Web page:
I read Me Before You for CBR7 and enjoyed it, so I thought I’d start 2016 with another Jojo Moyes novel, One Plus One. Moyes is good at throwing you into a story and making you care about her characters—even if you suspect you know how it will all turn out. As in Me Before You, the novel is set in England and there is a class difference between the main characters–Jess Thomas, a single mom of two, actually cleans the beach house of Ed Nicholls, a successful tech entrepreneur who is about to go down for insider trading.
Jess works two jobs and struggles to support her daughter, Tanzie, and stepson, Nicky. Her husband left two years before and doesn’t contribute any child support. Things are getting even more complicated at the moment for Jess. Nicky, a tall and makeup-wearing teenager, is being bullied at school and is becoming increasingly withdrawn at home. Tanzie is gifted at math and has been offered a place at a prestigious private school but Jess doesn’t have the money to pay the yearly tuition (even with a generous scholarship) or even the deposit. A math competition in Scotland, with a generous prize for the winner, seems the answer but first Jess has to get them (them beingTanzie, Nicky, and a large smelly dog named Norman) there.
Jess has rarely crossed paths with Ed in her work as one of his “cleaners” but during the week Jess finds out about the Math Olympiad, she has two encounters with him—one at his house, that can only be categorized as rude, and the other drunken. Ed shows up at the pub that Jess works at and gets completely plastered. Jess takes his keys, elicits the help of a friend who drives a taxi, and gets Ed home safely and into bed. However, when she gets back to her place in the taxi, she discovers two things have fallen out of Ed’s pockets—a work ID and a large wad of money. Though she vows to pay him back, Jess uses the money to hold Tanzie’s spot at the private school and hopes that this upcoming road trip will help furnish the rest.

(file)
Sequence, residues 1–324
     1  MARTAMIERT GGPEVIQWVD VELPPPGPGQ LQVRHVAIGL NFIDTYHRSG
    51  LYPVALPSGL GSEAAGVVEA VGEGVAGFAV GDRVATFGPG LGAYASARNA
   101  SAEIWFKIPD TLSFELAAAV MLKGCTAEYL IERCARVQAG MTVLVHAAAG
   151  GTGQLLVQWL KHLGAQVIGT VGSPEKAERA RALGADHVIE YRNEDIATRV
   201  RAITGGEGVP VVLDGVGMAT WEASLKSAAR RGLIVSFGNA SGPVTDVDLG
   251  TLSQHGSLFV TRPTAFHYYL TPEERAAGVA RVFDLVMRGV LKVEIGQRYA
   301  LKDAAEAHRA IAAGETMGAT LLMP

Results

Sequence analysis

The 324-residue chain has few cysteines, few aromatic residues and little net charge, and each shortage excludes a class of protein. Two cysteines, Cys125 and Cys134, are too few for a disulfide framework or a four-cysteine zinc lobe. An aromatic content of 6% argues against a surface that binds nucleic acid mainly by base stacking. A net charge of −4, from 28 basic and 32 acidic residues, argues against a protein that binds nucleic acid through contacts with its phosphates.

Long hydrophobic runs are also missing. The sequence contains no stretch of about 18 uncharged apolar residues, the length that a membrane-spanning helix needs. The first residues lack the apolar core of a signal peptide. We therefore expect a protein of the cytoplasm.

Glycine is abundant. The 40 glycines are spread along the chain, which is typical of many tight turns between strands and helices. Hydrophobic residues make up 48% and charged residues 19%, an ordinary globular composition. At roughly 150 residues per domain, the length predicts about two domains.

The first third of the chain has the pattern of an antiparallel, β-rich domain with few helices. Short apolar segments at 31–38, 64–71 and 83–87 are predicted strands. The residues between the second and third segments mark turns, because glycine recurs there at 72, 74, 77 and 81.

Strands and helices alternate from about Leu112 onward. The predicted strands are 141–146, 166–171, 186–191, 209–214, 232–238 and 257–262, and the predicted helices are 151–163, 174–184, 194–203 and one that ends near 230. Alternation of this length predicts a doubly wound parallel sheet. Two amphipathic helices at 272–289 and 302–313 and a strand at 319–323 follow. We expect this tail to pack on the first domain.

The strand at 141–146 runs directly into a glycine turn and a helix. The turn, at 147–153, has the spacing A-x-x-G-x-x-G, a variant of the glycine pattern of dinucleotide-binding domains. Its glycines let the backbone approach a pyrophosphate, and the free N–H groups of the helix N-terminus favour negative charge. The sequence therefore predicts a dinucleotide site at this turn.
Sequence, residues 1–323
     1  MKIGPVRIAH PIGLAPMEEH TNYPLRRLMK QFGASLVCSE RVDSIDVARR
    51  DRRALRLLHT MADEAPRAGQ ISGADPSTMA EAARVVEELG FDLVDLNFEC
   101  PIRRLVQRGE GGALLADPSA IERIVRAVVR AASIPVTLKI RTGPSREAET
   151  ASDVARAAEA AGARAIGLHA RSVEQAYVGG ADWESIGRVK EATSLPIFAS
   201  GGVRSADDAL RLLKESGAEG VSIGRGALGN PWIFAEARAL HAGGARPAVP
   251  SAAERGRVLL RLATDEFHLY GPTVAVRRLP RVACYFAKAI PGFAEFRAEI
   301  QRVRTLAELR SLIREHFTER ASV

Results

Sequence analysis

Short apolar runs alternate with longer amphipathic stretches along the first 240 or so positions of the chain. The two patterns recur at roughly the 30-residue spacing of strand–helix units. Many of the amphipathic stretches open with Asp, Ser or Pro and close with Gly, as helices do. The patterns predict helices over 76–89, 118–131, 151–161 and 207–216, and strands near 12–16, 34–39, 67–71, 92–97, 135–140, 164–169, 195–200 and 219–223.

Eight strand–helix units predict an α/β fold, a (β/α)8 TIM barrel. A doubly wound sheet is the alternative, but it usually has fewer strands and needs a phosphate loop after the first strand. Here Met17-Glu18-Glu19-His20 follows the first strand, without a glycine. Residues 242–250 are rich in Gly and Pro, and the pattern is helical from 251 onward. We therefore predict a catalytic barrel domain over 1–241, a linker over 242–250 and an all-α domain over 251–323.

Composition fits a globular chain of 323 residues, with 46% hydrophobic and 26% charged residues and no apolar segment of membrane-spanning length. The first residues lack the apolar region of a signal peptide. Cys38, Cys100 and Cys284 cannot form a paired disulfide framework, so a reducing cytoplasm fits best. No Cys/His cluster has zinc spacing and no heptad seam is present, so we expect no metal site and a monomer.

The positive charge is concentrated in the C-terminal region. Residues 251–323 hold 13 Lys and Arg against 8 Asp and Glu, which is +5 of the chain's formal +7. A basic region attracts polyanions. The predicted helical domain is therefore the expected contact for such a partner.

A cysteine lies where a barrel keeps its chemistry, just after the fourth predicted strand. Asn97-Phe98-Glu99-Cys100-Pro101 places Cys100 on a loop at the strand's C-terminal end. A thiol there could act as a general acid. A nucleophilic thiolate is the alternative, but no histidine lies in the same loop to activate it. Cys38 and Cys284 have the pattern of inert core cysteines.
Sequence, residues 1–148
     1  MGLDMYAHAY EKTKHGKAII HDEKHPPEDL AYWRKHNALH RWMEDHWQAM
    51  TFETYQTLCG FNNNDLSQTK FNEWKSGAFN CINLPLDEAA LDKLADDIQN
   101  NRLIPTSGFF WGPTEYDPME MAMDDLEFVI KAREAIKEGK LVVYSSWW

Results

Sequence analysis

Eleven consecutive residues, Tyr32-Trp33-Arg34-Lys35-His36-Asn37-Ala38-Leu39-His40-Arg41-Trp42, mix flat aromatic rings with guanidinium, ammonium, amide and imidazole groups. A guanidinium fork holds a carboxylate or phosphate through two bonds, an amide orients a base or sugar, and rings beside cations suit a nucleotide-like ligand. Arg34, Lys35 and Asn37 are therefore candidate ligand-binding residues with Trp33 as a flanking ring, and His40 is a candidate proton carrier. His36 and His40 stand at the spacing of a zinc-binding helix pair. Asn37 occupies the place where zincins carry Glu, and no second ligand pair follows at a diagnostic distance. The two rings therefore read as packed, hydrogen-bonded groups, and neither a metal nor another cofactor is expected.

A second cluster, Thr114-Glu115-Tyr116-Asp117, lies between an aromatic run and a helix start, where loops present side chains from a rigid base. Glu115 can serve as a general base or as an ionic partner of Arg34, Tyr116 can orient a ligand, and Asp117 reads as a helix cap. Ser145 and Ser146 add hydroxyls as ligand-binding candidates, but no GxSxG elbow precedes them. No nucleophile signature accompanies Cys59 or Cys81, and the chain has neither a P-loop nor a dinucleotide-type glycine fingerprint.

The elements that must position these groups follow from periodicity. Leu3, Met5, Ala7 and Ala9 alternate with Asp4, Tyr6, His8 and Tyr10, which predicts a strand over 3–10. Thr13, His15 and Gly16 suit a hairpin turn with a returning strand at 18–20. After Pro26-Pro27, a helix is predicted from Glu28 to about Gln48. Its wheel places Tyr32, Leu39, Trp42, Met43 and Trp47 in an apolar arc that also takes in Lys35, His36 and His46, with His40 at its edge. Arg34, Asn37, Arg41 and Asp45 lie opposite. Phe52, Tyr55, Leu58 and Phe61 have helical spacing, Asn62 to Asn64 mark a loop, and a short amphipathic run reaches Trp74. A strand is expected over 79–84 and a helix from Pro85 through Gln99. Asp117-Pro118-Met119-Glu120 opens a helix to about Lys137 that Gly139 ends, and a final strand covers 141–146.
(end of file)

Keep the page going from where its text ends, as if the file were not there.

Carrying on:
As you might expect in a book like this, Jess and Ed’s path will cross and Ed will end up driving Jess and her children and Norman the dog to Aberdeen and many adventures will ensue. There are some echoes of Little Miss Sunshine here (only imagine math calculations versus dance numbers) and also a bit of the Jennifer Crusie romance vibe (two main characters you know will eventually fall for each other, no matter what craziness the plot throw their way). However, there’s also some seriousness here—about how hard it is to live paycheck to paycheck, about wanting things to be better for your children, about how hard it is to be different, etc.
All in all, I think Jojo Moyes is a lot like Jennifer Crusie or Elinor Lipman for me. I know I’m in good hands; I’ll laugh a bit and maybe cry some and end the book feeling upbeat about the world (at least for a few hours anyway). What’s not to love?